Tuesday, May 30, 2006

Loss of Jobs in Ecuador as Trade Agreement Ends

(Source Article: Ecuador fears job losses - FT.com)

Some 30,000 jobs per year will be lost if Ecuador’s trade agreement with the U.S. expires at year’s end.

Ecuador’s President, Alfredo Palacio, asked the U.S. to extend the trade agreement for an extra year, but the country’s chief trade negotiator was doubtful about such prospects given the country’s recent decision to revoke a contract with California-based oil company, Occidental, and seize approximately US$ 1 billion; the decision to oust Occidental came after the government discovered the U.S. company improperly transferred its stake in an oil field to a Canadian company. (see Ecuador regrets Occidental move - FT.com)

Some government officials have responded that the country can find other markets for its exports, and thus suggesting its loss of an agreement with the U.S. will be of little consequence. But with some of its sectors exporting up to 70% of their production to the U.S., such confidence seems misplaced.

Neighboring countries like Peru and Colombia have already seen an influx in investment as both countries have secured trade deals with the U.S.—Colombian President Uribe, recently winning his second term, is a staunch conservative and supporter of the Bush administration.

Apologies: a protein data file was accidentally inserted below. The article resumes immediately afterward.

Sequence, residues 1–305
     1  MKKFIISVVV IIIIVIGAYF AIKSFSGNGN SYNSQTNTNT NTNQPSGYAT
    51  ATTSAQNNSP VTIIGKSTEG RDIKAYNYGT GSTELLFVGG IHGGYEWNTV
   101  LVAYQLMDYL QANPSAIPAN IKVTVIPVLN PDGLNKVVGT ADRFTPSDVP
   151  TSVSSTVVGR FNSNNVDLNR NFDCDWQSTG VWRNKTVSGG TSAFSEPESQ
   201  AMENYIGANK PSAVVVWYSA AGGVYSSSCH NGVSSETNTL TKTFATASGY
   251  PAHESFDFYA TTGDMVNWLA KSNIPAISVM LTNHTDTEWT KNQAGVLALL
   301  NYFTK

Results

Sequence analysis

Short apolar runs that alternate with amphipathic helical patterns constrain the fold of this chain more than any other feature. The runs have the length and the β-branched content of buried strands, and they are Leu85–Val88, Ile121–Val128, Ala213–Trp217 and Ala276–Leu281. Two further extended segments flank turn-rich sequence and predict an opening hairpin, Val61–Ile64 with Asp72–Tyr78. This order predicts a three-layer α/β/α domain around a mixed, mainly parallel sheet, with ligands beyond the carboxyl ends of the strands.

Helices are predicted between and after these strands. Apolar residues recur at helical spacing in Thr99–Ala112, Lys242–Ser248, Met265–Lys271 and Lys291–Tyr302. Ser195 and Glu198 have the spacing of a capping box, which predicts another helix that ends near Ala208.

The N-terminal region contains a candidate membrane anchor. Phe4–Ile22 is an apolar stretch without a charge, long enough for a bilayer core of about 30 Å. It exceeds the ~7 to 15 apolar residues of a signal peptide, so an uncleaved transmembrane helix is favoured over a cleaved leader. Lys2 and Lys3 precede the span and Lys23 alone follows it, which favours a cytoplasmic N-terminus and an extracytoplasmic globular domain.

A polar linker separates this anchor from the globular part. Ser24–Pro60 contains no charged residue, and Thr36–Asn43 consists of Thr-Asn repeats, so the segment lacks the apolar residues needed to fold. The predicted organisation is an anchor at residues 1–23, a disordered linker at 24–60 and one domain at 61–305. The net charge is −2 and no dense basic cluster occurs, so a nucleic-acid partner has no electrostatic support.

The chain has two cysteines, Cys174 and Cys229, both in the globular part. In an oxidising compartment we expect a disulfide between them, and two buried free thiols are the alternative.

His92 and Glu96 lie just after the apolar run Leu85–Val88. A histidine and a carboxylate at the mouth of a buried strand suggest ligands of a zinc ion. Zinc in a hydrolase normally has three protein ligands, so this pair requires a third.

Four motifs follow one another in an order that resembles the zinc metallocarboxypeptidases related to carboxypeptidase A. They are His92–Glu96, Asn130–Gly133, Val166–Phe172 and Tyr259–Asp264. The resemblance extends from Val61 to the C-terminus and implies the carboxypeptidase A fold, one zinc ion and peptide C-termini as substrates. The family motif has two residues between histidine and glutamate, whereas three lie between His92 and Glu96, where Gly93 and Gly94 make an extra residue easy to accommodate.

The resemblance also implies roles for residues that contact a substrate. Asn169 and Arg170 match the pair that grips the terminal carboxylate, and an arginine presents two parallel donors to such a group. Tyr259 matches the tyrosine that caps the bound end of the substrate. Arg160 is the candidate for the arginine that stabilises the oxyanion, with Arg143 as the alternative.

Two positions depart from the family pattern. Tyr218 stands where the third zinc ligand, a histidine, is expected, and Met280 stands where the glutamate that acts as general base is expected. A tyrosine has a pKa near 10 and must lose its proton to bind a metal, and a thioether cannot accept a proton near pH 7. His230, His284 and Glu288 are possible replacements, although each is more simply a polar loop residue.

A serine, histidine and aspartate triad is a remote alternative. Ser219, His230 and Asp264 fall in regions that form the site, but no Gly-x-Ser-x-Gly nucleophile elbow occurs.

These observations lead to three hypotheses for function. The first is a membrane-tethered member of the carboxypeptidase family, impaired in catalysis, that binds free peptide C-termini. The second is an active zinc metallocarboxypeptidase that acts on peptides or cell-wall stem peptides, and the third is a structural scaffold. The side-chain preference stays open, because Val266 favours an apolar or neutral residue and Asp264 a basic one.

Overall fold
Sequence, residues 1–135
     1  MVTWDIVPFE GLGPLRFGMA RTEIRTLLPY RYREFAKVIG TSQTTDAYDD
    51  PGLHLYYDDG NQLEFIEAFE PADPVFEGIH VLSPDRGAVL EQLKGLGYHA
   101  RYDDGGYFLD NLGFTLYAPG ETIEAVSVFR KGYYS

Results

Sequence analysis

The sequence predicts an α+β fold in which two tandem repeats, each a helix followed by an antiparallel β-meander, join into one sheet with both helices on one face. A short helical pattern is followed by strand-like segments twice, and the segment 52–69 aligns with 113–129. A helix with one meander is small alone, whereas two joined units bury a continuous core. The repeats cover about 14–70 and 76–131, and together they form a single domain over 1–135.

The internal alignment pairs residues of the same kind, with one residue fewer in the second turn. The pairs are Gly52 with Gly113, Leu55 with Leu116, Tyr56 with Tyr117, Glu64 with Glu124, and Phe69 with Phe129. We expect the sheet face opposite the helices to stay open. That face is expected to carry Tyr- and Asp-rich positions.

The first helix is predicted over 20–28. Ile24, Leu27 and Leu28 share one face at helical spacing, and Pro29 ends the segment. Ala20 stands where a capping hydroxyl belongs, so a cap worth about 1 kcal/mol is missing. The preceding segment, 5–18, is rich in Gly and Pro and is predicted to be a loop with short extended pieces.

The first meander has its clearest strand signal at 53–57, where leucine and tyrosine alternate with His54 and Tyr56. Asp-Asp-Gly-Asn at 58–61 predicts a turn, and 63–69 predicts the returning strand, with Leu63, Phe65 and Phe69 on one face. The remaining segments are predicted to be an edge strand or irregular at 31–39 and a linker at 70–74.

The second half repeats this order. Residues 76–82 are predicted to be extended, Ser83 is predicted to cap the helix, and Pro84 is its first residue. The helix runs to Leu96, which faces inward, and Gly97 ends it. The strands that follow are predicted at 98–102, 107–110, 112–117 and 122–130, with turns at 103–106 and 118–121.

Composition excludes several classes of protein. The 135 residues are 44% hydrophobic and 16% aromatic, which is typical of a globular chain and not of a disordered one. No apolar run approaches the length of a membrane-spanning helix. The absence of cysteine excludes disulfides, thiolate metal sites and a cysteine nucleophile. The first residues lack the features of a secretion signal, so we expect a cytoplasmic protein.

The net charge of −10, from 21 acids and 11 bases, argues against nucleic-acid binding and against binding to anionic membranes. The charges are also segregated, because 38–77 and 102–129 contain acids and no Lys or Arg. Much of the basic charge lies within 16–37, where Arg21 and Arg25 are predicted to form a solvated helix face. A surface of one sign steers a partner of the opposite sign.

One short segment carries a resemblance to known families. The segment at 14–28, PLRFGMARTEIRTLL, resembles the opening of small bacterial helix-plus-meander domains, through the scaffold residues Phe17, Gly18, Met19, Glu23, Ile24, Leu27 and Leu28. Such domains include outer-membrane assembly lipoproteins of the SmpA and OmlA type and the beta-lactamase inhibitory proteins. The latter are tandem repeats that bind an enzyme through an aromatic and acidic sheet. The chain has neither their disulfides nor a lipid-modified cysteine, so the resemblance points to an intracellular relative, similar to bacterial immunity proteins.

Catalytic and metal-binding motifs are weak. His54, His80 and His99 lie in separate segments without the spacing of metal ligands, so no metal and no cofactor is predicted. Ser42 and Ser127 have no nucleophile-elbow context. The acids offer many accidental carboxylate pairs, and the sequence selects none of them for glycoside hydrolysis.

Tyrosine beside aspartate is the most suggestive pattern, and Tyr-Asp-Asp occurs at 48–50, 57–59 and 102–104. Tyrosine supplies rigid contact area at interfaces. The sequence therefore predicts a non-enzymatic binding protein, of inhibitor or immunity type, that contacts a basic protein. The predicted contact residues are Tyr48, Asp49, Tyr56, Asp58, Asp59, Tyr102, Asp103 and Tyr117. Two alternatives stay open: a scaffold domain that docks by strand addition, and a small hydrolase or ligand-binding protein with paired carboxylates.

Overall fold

An end to the “low-tariff” regime on the country’s exports could severely damage sectors such as agriculture and textiles. Unfortunately, the U.S. ambassador to Ecuador suggested that the regime could end early: “These preferences cannot be granted to any country that has…confiscated or has taken under its control the property of an American corporation,” she said.

A new trade deal is unlikely to happen until new leaders are installed in both the U.S. Congress and Ecuador’s presidential position: a contest for Ecuador’s presidency is in October, with US mid-term election in November. Unfortunately, January may come too late.

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